Yes, agree that ‘reflective groups make you question yourself, your methods and ways of teaching’. At the same time, they do not deny the experts, or do not reject the importance of gaining new input, research findings or attending conferences. It is true that there may be no ‘expert’ in a particular area in the session (well, it depends how we define ‘experts’, and that’s a completely different topic). There are ideas teachers read and heard, however, as all of us attend other PD events. The meetings are a chance to ‘try things on’ our context and students. For example, one session earlier this spring was devoted to Teaching Lexis, and teachers shared their experience with implementing the Lexical Approach. Author names were mentioned, but what’s more important, the ideas were discussed based on the actual classroom experience. Just an example to say that we are respecting and appreciating books, articles, presentations and trainings offered.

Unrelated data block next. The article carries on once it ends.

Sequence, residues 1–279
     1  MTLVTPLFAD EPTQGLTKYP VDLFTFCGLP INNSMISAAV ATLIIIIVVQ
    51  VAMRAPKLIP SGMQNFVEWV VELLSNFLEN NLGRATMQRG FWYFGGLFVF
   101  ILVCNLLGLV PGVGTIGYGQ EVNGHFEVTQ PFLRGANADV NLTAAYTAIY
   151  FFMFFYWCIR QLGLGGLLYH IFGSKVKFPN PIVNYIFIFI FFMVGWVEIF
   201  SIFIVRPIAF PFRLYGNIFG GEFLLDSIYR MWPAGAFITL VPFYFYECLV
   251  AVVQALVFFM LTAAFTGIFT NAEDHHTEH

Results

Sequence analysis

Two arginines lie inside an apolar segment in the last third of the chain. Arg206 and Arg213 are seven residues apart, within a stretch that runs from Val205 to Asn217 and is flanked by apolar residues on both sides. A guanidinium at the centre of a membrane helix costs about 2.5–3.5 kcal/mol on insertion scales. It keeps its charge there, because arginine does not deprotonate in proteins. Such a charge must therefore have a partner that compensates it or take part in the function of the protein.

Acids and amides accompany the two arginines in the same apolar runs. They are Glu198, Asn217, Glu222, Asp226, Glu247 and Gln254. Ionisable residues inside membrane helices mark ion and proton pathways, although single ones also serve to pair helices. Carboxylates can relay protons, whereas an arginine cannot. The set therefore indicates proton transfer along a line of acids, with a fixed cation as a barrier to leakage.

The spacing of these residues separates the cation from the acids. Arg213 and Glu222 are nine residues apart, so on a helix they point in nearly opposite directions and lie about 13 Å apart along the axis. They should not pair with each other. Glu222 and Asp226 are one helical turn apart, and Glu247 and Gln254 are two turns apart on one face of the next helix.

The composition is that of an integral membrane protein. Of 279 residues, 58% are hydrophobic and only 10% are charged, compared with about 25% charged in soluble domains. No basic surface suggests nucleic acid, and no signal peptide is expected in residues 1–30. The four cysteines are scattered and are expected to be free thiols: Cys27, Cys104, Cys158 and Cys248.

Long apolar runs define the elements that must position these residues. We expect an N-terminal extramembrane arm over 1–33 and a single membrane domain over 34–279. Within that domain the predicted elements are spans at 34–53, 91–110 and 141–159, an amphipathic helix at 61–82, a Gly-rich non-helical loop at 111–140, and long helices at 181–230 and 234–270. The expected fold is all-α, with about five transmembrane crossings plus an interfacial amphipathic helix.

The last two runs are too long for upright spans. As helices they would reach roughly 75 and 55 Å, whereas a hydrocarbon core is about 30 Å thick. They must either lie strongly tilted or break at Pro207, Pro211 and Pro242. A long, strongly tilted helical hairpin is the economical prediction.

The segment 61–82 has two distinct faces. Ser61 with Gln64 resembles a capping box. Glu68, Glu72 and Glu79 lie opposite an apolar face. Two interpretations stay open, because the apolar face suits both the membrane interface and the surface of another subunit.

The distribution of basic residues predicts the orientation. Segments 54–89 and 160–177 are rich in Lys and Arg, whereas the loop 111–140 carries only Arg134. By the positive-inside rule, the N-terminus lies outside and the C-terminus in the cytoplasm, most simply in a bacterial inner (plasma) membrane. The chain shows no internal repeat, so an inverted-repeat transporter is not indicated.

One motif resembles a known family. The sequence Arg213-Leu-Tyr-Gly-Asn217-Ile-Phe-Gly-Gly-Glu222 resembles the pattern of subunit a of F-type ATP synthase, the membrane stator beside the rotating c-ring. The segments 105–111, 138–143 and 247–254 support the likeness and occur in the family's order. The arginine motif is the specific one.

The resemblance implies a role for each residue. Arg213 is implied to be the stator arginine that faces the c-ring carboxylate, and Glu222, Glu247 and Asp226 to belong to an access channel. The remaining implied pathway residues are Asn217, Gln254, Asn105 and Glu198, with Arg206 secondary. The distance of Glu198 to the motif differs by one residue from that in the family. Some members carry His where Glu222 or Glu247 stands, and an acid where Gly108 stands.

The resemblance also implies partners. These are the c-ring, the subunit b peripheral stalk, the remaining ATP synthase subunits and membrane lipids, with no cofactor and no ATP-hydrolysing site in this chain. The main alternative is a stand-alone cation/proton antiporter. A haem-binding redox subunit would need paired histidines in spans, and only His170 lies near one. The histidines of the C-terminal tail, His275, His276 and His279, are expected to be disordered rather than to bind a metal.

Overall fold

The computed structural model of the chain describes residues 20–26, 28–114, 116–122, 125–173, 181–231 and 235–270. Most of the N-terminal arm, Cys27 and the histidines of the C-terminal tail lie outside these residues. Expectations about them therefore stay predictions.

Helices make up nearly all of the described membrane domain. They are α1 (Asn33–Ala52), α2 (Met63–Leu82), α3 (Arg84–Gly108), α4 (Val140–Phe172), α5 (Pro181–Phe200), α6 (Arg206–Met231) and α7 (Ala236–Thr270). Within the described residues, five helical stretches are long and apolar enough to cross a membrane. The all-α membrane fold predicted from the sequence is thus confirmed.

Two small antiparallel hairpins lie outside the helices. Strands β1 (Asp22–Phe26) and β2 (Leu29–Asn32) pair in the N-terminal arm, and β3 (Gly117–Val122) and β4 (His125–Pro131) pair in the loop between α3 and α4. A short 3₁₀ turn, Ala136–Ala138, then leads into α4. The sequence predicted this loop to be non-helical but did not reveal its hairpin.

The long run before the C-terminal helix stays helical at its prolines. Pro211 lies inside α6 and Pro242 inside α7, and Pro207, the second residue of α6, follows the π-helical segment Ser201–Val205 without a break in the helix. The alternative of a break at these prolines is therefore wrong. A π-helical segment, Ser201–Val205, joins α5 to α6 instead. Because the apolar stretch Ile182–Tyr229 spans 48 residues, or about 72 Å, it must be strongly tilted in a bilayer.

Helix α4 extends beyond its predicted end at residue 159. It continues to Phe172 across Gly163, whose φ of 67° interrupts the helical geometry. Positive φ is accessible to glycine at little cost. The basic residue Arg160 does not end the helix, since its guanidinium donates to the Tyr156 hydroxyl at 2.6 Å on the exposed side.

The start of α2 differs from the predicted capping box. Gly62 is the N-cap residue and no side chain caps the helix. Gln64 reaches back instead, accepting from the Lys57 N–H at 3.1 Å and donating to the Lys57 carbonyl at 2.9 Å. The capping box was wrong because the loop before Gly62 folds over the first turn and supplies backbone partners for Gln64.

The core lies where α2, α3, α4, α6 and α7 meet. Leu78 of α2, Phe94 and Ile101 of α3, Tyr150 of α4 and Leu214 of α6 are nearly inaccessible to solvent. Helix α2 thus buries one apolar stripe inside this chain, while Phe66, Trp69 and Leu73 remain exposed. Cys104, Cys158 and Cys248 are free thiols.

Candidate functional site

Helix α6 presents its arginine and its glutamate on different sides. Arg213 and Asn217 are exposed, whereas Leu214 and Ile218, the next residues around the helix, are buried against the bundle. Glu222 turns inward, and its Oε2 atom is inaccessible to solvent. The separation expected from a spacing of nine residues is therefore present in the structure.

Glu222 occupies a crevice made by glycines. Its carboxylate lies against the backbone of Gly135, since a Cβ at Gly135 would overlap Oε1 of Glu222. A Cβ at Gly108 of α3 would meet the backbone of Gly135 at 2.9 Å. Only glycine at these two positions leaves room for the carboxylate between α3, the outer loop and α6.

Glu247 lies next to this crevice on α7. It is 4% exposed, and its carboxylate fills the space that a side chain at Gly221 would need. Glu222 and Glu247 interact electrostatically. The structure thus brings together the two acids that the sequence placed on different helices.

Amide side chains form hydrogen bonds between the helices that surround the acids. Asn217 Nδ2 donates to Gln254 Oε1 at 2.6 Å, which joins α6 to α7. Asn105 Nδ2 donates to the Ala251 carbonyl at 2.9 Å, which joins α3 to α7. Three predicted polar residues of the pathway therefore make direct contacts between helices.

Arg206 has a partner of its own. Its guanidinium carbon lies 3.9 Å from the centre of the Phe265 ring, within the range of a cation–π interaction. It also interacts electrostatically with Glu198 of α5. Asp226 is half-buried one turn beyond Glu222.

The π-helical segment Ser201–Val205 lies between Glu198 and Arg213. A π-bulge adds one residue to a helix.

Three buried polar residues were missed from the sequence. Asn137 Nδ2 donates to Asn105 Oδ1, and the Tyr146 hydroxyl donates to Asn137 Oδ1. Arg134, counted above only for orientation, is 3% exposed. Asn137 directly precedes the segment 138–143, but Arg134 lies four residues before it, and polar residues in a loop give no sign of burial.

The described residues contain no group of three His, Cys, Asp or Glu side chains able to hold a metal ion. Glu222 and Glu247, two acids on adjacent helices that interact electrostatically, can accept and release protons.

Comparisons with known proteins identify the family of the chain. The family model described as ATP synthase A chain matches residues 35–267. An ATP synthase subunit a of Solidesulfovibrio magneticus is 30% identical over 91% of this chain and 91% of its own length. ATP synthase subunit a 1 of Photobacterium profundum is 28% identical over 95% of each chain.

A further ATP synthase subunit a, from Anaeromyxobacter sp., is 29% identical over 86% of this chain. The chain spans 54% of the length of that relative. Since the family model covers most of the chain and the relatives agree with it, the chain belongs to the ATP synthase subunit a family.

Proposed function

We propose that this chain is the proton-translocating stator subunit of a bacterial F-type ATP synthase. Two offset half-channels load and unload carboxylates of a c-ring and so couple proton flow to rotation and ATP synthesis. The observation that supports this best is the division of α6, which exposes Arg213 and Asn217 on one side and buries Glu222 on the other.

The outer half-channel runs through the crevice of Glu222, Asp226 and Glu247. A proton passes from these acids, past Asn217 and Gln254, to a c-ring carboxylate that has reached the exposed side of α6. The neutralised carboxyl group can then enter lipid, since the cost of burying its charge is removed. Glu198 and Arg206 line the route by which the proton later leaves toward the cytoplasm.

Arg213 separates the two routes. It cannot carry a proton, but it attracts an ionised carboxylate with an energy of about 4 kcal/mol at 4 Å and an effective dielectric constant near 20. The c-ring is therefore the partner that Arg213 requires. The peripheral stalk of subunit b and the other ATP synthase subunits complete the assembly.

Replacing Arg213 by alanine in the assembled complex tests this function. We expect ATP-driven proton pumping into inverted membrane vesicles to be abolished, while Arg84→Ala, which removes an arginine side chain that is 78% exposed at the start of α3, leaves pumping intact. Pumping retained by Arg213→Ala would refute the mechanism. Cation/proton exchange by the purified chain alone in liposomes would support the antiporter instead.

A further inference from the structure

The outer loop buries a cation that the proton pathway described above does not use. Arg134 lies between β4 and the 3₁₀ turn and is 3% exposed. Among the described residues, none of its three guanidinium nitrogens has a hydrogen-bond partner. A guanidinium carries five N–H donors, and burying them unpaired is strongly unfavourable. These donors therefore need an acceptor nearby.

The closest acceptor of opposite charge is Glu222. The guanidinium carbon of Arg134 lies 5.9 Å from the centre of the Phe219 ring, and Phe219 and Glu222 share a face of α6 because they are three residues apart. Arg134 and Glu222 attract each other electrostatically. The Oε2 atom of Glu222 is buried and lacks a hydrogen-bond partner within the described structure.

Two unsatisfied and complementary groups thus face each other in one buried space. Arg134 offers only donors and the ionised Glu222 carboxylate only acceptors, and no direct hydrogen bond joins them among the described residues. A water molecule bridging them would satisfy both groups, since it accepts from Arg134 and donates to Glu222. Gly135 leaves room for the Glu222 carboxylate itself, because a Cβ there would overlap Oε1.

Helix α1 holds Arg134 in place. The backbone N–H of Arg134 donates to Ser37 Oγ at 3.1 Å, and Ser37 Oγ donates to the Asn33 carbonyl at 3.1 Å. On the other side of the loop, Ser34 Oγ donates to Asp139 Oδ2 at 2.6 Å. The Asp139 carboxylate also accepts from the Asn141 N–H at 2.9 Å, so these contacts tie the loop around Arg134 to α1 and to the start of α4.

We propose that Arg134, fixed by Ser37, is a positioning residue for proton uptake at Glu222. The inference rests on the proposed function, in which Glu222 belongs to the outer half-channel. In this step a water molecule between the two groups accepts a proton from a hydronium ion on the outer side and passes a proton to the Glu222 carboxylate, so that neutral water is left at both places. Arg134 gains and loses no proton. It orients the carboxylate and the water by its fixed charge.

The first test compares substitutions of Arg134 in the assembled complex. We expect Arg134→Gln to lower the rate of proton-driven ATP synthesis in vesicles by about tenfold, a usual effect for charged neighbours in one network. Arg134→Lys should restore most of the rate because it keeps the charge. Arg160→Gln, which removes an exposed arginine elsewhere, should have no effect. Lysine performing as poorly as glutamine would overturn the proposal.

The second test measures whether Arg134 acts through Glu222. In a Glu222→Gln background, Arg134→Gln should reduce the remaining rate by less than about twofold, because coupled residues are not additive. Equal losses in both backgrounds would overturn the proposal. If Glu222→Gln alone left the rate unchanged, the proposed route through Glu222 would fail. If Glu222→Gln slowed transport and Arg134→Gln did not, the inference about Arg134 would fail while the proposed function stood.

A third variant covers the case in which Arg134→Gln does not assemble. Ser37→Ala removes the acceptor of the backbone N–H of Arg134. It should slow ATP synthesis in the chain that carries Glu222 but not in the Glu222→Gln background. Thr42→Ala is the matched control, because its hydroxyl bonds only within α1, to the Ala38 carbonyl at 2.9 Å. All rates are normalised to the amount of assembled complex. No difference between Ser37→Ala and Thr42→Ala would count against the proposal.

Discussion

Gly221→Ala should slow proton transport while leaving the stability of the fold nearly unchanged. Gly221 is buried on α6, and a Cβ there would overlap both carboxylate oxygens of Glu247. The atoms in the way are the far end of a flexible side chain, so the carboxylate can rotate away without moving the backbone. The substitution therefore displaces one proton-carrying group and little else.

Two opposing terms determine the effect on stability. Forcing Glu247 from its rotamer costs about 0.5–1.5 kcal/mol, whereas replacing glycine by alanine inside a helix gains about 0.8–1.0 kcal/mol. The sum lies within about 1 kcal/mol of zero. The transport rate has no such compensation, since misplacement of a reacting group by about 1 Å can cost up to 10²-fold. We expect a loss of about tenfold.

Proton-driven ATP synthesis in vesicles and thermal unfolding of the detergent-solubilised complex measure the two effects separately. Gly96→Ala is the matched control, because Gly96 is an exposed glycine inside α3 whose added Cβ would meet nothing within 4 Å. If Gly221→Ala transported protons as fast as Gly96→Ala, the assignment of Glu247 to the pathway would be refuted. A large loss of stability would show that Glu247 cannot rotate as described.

Our time is subjective, and as we know, teachers are really over-worked (around the globe, it seems). So yes, a PD event has to be worth spending the time on. No comment. On the other hand, we are making priorities, and if we see something is worth the time and effort, we might find those 2 hours a month. The point about ‘different contexts’ actually came up in our survey as a plus. Sometimes people who don’t work with the same audience as you do have a ‘fresh idea’ you could never come up with. And yes, sometimes they don’t 🙂

      As for certificates, no, we don’t offer any 🙂 On the other hand, I noticed that our group members in Dnipro started to proudly add a line about their membership to CV, LinkedIn profiles, conference bio blurb. This was not planned to be this way, but turns out it is something they value and are proud of. I am doing that, too, actually.

      I am grateful for the chance to write this reply and to ‘think aloud’. Thank you for this opportunity. I also shared the same questions on Twitter, and collecting more potential obstacles from my colleagues. Expect a post some time soon!

      With gratitude from Lviv,

      Liked by 1 person